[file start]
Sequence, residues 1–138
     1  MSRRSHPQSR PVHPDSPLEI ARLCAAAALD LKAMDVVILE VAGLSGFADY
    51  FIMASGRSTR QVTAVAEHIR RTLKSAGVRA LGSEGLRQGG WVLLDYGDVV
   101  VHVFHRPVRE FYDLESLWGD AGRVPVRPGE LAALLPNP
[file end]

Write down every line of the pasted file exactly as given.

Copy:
Sequence, residues 1–138
     1  MSRRSHPQSR PVHPDSPLEI ARLCAAAALD LKAMDVVILE VAGLSGFADY
    51  FIMASGRSTR QVTAVAEHIR RTLKSAGVRA LGSEGLRQGG WVLLDYGDVV
   101  VHVFHRPVRE FYDLESLWGD AGRVPVRPGE LAALLPNP